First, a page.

People often ask about the intricacies of bankruptcy, or they call about the procedures regarding a divorce. But what happens when a divorce is looming and bankruptcy is in the works? The collision of these two events can be complex and confusing for everyone involved. The attorneys must understand how a Chapter 13 or Chapter 7 bankruptcy is likely to affect the financial lives of their divorcing clients and be comfortable with the many variables that may come into play.
For instance, will the bankruptcy occur before or after the divorce is final? How will it affect the division of the property? Which type of bankruptcy is best for the situation? Are third-party claims involved?
It’s nearly impossible to address all of the possible variants and outcomes in a blog format, so instead, we’ll simply address the laws as they stand. If you are in this unique situation, we recommend that you seek legal advice from a professional family law and bankruptcy attorney.
Bankruptcy & Divorce Basics
• Spouses can (but are not required to) file bankruptcy jointly.
• Only spouses can file a joint case.
• The administration of a bankruptcy case may continue beyond the recording of the debtor’s discharge.
• The right to file bankruptcy cannot be blocked by a family court order.
Several clauses in bankruptcy law outline what happens when bankruptcy and divorce coincide.
The Supremacy Clause: Bankruptcy law is written in Title 11 of the US Code, which is federal law. Generally speaking, however, state law determines the debtor’s property rights. (The debtor is the person who has filed bankruptcy.)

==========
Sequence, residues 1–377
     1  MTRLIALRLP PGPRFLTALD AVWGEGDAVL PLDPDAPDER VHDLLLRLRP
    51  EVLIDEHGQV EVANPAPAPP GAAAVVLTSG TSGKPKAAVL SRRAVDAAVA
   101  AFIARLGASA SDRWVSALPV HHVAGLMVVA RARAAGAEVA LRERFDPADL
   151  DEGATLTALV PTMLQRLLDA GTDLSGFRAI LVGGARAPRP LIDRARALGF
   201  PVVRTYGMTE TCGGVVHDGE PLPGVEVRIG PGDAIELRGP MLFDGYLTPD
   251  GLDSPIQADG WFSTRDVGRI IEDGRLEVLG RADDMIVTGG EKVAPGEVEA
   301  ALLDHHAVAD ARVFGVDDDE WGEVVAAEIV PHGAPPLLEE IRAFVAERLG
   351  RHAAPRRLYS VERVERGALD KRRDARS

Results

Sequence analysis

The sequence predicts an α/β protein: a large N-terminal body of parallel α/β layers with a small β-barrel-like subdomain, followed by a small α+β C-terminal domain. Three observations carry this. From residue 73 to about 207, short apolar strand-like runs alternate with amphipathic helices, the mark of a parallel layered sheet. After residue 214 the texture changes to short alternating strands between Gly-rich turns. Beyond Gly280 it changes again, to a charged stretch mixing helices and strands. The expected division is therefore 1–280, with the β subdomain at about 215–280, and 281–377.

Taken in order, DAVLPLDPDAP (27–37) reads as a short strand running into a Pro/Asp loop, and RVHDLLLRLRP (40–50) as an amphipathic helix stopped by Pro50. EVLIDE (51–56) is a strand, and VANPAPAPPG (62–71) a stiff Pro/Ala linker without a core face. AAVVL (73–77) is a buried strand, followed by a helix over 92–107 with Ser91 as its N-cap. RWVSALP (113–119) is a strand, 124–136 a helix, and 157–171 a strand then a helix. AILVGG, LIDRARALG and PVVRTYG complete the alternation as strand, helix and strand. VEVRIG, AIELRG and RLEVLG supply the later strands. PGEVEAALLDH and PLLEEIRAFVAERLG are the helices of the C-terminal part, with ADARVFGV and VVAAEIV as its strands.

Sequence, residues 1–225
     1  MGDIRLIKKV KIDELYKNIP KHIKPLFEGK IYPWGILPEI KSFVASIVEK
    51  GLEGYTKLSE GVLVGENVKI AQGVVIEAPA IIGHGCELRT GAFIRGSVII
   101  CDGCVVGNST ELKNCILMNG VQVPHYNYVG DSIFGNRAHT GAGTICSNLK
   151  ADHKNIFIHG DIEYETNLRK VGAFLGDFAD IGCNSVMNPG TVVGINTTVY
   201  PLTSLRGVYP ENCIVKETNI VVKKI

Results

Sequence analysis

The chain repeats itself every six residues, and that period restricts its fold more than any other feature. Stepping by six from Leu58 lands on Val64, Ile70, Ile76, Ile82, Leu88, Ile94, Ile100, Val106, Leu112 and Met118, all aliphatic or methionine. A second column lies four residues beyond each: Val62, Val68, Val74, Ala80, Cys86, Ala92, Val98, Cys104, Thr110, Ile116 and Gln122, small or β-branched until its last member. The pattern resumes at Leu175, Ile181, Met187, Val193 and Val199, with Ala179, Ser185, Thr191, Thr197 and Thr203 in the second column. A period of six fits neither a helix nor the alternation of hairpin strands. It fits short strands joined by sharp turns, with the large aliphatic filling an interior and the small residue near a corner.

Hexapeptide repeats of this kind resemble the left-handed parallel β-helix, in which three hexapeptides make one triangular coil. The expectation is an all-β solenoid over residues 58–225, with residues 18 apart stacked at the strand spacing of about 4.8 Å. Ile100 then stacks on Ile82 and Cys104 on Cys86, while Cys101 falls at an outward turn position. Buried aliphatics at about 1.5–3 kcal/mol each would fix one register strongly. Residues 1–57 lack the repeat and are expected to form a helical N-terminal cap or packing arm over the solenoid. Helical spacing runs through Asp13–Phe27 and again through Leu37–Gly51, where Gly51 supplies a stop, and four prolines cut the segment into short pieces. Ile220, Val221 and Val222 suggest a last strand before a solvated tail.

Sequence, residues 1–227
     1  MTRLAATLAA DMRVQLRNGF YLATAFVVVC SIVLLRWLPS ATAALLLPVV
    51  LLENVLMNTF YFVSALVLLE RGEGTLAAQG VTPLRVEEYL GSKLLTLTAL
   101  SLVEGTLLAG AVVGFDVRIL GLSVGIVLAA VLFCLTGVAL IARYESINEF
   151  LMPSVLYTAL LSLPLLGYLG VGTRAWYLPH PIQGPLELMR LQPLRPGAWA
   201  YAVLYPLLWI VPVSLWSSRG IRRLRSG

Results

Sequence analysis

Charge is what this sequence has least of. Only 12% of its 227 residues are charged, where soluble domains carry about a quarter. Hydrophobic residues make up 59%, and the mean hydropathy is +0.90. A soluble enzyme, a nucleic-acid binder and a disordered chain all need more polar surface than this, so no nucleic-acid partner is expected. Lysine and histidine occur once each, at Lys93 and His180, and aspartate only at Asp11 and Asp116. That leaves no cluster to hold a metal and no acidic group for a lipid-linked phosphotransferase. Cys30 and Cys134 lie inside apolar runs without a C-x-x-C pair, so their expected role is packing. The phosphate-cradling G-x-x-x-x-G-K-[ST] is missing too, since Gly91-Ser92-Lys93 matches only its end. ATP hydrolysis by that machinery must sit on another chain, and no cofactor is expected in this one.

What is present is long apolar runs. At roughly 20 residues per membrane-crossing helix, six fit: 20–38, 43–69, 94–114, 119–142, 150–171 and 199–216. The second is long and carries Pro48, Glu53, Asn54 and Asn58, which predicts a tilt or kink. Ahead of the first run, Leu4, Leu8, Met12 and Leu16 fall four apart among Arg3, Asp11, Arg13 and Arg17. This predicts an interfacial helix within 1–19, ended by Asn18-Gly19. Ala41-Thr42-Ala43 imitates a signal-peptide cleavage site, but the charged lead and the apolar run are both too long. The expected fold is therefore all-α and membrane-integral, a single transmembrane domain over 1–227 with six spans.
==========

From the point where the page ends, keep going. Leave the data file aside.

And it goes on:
The Supremacy Clause relies on federal law to determine how those property rights are impacted (or possibly altered) by bankruptcy. One of the potential changes addresses the bankruptcy court’s ability to re-label financial obligations from property division to support. Courts have found the following can be characterized under support:
● Non-filer’s attorney fees
● Child’s guardian ad litem
● Mortgage payments for the ex’s residence
● Debts of the ex
● Education expenses of children, even beyond the age of majority.
Property of the Estate: Another statutory force that impacts the divorce proceeding is “property of the estate.”
An estate is created when a bankruptcy case is filed; Bankruptcy Code Section 541 defines what assets become the bankruptcy estate property.
Bankruptcy defines “property” as “all legal or equitable interests of the debtor in property as of the commencement of the case.” In a dissolution combined with a bankruptcy, all of the community property becomes property of the estate. If the community property has not been divided in the divorce, a bankruptcy filing by one spouse or ex-spouse brings all of the community into the bankruptcy estate.
Exemptions: Exemptions define the value in assets that are untouchable to the trustee and the creditors. Exemptions become final 30 days after the first meeting of creditors. There is nothing about the division of exempt property between spouses in bankruptcy law. If the exempt property was community property, it remains community property.
The above is just a brief overview explaining the potential issues and complexities when divorce and bankruptcy collide. As we recommend you don’t undergo either proceeding on your own, navigating both of them at the same time absolutely requires legal guidance. Protect yourself and call Richard V. Ellis today.